"The Army has always understood the primacy of civilian control. In fact, we are the ones who reinforce that principle with those other armies with whom we train all around the world. So to muddy the waters when important issues are at stake, issues of life and death, is a disservice to all those in and out of uniform who serve and lead so well.''
Gen. Eric Shinseki, former Army chief of staff, as he retired in 2003.
Somewhere along the way, our military appears to have forgotten who's really in charge. Last week, some well-orchestrated news came from the Army, which backed off its initial, stubborn (and, many would say, misguided) request to add 418,000 more acres to the Pion Canyon Maneuver Site.
Oh, wait, the Army brass said. On second thought, we'll only need an additional 100,000 acres, not 418,000 acres, thus increasing the total size of PCMS to "only" 335,000 acres. And that'll be easy, they insisted, because we already have ranch owners who are willing sellers, and we've got money to make that happen. Oh, and this will be the last time the Army will need to acquire land for Pion Canyon.
It all sounds so nice and neat, and even politically correct.
Just one problem. Last year, both houses of Congress voted to halt all expenditures related to growing Pion Canyon for all of 2008. The message was clear: Lawmakers were telling the Army, in no uncertain terms, it had to make a better case for expansion before they would approve the idea and before they would agree to fund it.
Instead, the Army pressed on, making its own interpretation and ignoring Congress' clear directive.
Does anybody else see a pattern developing here? Does anybody else grasp the ominous similarities between expanding Pion Canyon and moving NORAD out of Cheyenne Mountain?
In both cases, the military decided on making bold changes without consulting Capitol Hill. In both cases, Congress reacted negatively, even passing legislation to express its concerns. In both cases, the military was ordered to produce clear-cut documentation proving the need, justification and motives for its strategy.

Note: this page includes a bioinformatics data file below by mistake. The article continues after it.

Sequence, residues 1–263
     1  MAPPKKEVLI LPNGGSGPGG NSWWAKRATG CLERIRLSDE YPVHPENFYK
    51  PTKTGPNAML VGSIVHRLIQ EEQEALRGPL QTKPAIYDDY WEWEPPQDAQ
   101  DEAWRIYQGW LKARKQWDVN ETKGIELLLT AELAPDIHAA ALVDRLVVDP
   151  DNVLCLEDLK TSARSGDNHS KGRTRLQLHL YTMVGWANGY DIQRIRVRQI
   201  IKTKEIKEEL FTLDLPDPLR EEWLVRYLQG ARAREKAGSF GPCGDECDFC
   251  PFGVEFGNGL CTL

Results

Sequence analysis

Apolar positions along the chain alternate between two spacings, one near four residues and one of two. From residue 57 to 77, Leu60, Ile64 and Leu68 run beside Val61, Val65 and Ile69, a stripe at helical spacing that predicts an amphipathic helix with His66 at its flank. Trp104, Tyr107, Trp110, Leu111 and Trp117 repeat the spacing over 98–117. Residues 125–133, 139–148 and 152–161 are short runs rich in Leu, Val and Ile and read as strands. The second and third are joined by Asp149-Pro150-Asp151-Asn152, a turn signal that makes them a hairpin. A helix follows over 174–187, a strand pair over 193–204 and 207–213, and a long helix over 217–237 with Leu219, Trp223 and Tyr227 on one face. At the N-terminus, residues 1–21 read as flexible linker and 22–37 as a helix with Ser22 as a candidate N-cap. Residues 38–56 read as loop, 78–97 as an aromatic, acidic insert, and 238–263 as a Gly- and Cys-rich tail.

In both cases, Congress made known its uncertainty and authority. After all, it's still true the Pentagon doesn't run the country (though some might wonder now), and it's still true Congress must approve the military's funding. We learned that as kids in school. It's called checks and balances.
Yet, in both cases, the military's response to Congress has been unmistakable. As in, screw you. We're going to continue figuring out ways to do whatever we want, no matter what you say.
That's what happened with moving NORAD, as the Air Force brazenly forged ahead despite damning reports from the Government Accountability Office, and despite Congress halting a chunk of the money flow.
Now we have Pion Canyon, with a different set of circumstances in that private property is affected. Many landowners in that area east of Walsenburg and Trinidad have made it clear they don't support any expansion. Last year, they won a major victory when Congress took away expansion funding for 2008 and demanded more answers.